This is the home of automobile road tests in South Africa. We drive South African cars, SUVs and LCVs under South African conditions. It also just happens that most of the vehicles we drive are world cars as well, so what you read here probably applies to the models you can get at home.
*To read one of our road tests, just select from the menu on the left.
*Please remember too, that prices quoted were those ruling on the days I wrote the reports.
The engine: The Ford/PSA joint venture engine displacing 2.7 litres was bored and stroked slightly to bring capacity up to 2 993 cc. Although Ford's name appears in the description, it was actually Jaguar engineers who took the mechanical basics of the Peugeot engine design and made it something special.
Thrust is courtesy of parallel sequential turbochargers with only the larger variable geometry unit being used when the engine is running at low revolutions. When speed reaches 2800 rpm, the smaller fixed turbocharger pushes boosted air to the intake port of the larger one before redirecting to the intercooler 300 milliseconds later. Fuel injectors have their piezo crystals seated more deeply to render the telltale diesel click less intrusive.
The body: Obviously from the same design studio as the XF, the XJ is 161 mm longer, 17 mm wider and 12 mm lower on a 3032 mm wheelbase, compared to 2909 mm for the XF. The practical implications are an additional 57 mm of rear legroom and 20 litres more luggage space. The Portfolio version we drove recently, boasts a few nice-to-haves over its less pricey sibling, the Premium Luxury edition, which is no shrinking violet itself. Try 20" wheels, a 1200-Watt Bowers and Wilkins surround sound system, 20-way adjustable heated and cooled seats in soft grain leather with contrasting stitching and piping and embossed head restraints, leather trim on the door panniers in addition to the upper fascia, suedecloth headlining, four-zone climate control and a wider choice of interior trims and veneers.
The experience: As expected at this price level, an arsenal of electric motors controls everything imaginable. The seats (three memory settings each) adjust every way from Sunday, while windows and mirrors, sunroof and rear window blinds and steering column and wheel, all get the power treatment too. Just as on the XF, one needn't do anything as crass as push a button on the key fob (a decent, expensive-feeling fistful, by the way) to lock or unlock doors. One simply touches a little silver square on an outside handle to do that. The difference is that the trick only works with front doors on the XF - the XJ allows you to do it with all four. Interior lights and the glove box lid also react to your most casual almost-caress.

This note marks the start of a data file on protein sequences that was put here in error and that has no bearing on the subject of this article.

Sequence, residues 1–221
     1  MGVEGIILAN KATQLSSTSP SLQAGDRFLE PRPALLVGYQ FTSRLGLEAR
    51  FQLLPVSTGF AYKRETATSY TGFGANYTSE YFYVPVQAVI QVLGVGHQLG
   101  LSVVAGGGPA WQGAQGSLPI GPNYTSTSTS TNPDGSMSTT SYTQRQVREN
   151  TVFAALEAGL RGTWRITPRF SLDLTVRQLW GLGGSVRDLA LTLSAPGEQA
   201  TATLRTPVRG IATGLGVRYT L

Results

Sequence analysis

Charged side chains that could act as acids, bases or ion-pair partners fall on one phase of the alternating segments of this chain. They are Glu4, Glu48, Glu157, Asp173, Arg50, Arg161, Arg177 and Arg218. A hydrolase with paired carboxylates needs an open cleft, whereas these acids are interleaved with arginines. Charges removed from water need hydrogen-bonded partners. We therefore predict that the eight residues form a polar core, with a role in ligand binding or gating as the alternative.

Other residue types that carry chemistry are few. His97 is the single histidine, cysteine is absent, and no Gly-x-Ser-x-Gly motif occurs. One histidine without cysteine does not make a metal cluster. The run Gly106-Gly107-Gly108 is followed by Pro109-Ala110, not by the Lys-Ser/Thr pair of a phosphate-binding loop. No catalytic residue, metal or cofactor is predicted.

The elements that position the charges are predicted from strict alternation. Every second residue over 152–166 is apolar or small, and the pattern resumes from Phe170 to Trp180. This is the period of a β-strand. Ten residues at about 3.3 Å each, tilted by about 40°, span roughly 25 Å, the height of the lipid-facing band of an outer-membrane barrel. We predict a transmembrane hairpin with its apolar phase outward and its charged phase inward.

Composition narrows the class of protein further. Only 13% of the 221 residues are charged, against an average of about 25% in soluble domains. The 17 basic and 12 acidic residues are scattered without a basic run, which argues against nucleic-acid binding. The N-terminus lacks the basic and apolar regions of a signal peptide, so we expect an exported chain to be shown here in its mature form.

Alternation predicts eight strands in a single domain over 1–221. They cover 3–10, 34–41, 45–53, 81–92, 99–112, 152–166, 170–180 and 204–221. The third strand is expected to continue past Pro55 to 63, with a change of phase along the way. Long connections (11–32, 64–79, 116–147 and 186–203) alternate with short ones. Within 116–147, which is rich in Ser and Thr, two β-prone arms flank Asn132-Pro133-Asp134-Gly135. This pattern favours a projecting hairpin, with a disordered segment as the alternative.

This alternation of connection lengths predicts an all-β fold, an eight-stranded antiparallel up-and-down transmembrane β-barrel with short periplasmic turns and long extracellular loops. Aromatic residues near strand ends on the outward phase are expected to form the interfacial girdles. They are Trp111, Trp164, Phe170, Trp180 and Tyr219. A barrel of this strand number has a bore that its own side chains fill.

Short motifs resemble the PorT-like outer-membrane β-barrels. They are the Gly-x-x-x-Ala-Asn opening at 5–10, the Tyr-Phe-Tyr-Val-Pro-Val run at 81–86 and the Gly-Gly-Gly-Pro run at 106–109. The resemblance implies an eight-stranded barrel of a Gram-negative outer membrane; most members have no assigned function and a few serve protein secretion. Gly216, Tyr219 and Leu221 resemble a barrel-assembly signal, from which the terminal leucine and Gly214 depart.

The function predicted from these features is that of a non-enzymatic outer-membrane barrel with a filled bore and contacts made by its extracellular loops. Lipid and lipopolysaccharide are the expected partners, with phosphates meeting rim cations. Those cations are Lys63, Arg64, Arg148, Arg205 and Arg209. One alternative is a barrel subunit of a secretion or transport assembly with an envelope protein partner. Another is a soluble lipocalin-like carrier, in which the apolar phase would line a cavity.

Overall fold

In the back, where the Chairperson updates her office work, one finds ample knee space, separate air controls and vents, warmed seats, storage in seatback pockets and in the doors, a pair of oddments boxes and two cup holders in the fold-down armrest, reading lamps and separate controls for the window blind and rear sunroof curtain. If one absolutely has to be politically correct, there are three head restraints and seat belts back there, so one could use the XJ to ferry the heirs to and from boarding school as well. If one must.
In front, the previously mentioned electrical adjusters enable even the fussiest bodyguard-driver to get comfortable, while satnav, Bluetooth connections and voice control allow him to concentrate on what he does best. The co-pilot, meanwhile, can attend to Madame's musical and video choices thanks to split screen technology that enables a completely different viewpoint from that of the driver. Choice of one's music source is practically limitless. Think radio, CD, DVD, hard disc storage within the unit itself, iPod, flash drive, auxiliary socket or from a compatible Bluetooth-enabled player.
Keeping everything comfortable, tidy and decorous is a wealth of electronic kit working in tandem with highly competent engineering. Jaguar has been in the business of building executive expresses since before many of us were born, so be assured they know what they are doing. Jeeves will understand all the boring technical stuff. You simply need to know that it works. As for ambience, that beautiful naturally draped leather upholstery is available in five colours matched with six different veneers and a choice of fourteen outside colours, so there is absolutely no need to be upstaged by anyone.
Performance? Extremely adequate, thanks to a silky smooth diesel engine with bags of pulling power. Jeeves might put it like this: "Most satisfactory, Ma'am. One of the perks of my job."
Price: R1 085 472
Engine: 3.0 litre V6 turbodiesel
Power: 202 kW at 4 400 rpm
Torque: 600 Nm at 2 000 rpm
Zero to 100 km/h: 6,4 seconds
Maximum speed: Governed to 250 km/h
Average fuel consumption: about 8,4 l/100 km
Tank: 82 litres
Boot: 520 litres
Warranty and Maintenance plan: 5 years/100 000 km